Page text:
Posted Feb 01, 2013 09:09 am CST
The U.S. patent system hasn’t seen anything like it before. And attorneys aren’t quite sure what to make of it.
Some say post-grant review, which went into effect Sept. 16, will alter patent practice dramatically. “It is a real game changer,” says Matthew I. Kreeger, a partner with Morrison & Foerster in San Francisco.
Others think the impact of post-grant review will be minimal. “Few people will use it,” says Scott A. McKeown, a partner with Oblon, Spivak, McClelland, Maier & Neustadt in Alexandria, Va., and chair of the Committee on U.S. Patent and Trademark Office Affairs (Post Grant and Inter Partes) of the ABA Section of Intellectual Property Law.
Post-grant review is a new method of challenging a patent’s validity, combining aspects of litigation and administrative review. Other types of proceedings before the PTO review the validity of issued patents, but those proceedings allow patents to be attacked only on the basis of prior art and only when such art is found in patents or printed documents.
By contrast, post-grant review is far less restrictive. A patent’s validity can be challenged for lack of written description, lack of enablement, lack of novelty, or anticipation by any form of prior art. A patent can also be challenged on the basis of patent-ineligible subject matter, according to the PTO and many attorneys.
“It is a new type of animal,” says Janet S. Hendrickson, a partner with Senniger Powers in St. Louis and vice-chair of the Patent Legislation Committee of the ABA Section of Intellectual Property Law. “You can raise all sorts of arguments that you couldn’t raise before, except in litigation,” Hendrickson says.
Post-grant review is like litigation in other ways, too. Whereas other PTO proceedings on patent validity are conducted initially by patent examiners, each post-grant review will be heard by a panel of three administrative law judges from the PTO’s new Patent Trial and Appeal Board, who are empowered to render decisions on matters beyond the authority of patent examiners.
Post-grant review will use a variety of litigation-style procedures, including “direct testimony of fact and expert witness testimony in the form of declarations, cross-examination depositions [and] limited discovery—greater than current USPTO proceedings but less than district court litigation,” says Janelle D. Waack, a partner in the Houston office of Novak Druce Connolly Bove + Quigg.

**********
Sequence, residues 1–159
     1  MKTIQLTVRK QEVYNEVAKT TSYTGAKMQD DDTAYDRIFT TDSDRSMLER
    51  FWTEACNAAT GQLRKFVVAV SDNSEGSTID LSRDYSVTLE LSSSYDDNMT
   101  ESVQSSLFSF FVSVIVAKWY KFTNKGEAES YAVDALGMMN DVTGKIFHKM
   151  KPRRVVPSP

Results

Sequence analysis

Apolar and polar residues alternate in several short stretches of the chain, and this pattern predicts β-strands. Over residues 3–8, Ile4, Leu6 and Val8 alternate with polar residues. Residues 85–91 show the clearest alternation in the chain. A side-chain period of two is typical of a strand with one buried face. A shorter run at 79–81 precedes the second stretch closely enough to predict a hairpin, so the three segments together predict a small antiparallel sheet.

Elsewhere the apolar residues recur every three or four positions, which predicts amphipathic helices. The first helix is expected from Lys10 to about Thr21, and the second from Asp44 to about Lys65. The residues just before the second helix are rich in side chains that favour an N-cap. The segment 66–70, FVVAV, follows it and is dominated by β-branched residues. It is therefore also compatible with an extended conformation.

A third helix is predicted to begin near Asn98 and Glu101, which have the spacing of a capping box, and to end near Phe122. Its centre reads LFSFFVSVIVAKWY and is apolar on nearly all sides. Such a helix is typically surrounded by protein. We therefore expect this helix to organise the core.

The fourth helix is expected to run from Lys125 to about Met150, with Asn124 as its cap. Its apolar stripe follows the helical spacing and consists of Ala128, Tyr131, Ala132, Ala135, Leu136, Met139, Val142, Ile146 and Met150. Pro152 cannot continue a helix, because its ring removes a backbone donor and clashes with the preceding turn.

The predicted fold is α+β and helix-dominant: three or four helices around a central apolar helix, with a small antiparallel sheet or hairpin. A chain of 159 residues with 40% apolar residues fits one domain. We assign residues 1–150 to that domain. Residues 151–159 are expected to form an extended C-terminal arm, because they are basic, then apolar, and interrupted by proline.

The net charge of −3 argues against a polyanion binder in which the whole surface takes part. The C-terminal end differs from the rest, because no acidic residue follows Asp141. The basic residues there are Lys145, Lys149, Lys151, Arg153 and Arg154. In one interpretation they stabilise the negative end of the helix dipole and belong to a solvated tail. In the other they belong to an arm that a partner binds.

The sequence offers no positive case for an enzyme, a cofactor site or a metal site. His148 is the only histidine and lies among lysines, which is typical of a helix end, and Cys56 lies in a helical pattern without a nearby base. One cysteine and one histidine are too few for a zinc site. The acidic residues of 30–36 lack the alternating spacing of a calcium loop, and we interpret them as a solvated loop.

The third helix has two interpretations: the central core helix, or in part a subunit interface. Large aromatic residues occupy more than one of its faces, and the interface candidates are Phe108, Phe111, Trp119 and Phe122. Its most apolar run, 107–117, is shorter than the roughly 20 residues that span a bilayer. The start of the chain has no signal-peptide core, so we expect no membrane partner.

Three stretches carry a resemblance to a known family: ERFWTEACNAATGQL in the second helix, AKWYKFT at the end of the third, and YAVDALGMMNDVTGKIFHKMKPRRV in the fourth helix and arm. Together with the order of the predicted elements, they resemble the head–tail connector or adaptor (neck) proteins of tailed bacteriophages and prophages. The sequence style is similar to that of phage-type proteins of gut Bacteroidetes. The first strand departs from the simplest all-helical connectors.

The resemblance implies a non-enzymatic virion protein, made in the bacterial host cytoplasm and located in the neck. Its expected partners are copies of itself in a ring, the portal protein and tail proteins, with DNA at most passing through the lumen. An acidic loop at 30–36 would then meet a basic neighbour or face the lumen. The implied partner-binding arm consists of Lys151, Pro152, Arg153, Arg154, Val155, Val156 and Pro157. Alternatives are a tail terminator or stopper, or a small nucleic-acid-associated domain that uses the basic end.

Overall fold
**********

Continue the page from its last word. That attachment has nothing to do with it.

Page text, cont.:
Post-grant review, however, should be much faster than litigation. The PTO, which has hired scores of new administrative law judges, has declared that each post-grant review will be decided within 12 months. This would compare quite favorably with patent litigation in district courts, where the median time to trial is 2½ years, according to a 2011 study by PricewaterhouseCoopers.
Post-grant review also should be significantly cheaper than district court litigation. This will enable many medium-size businesses to challenge dubious patents, according to Kreeger.
Then there’s the matter of expertise. Post-grant reviews will be decided by administrative law judges who know a great deal about both technology and patent law, so these proceedings will provide a “much more sophisticated review of patent validity than you would see from a jury or possibly a judge that only occasionally handles these types of issues,” says Eric Sophir, a partner with SNR Denton in Washington, D.C.
Finally, courts and the PTO apply very different burdens of proof. District courts presume patents are valid and will overturn them only when challengers present “clear and convincing” evidence of invalidity. In post-grant review, however, patents receive no presumption of validity, and they will be overturned if a preponderance of the evidence indicates invalidity.
Despite all the advantages post-grant review provides to those challenging patents, relatively few businesses will use this process anytime soon. That’s because before 2015, post-grant review can be used on only a small fraction of patents.
At the moment, post-grant review can be used to challenge only “covered business-method patents.” These patents, according to the PTO, claim “a method or corresponding apparatus for performing data processing or other operations used in the practice, administration or management of a financial product or service.” This covers patents on methods used in the financial service industry, but it might also apply to financial methods used in other industries.
“It is clear that a method of distributing money between accounts is a covered business method, but is a method for collecting money for online advertisements a covered business method?” asks Marc S. Kaufman, a partner with Reed Smith in Washington, D.C.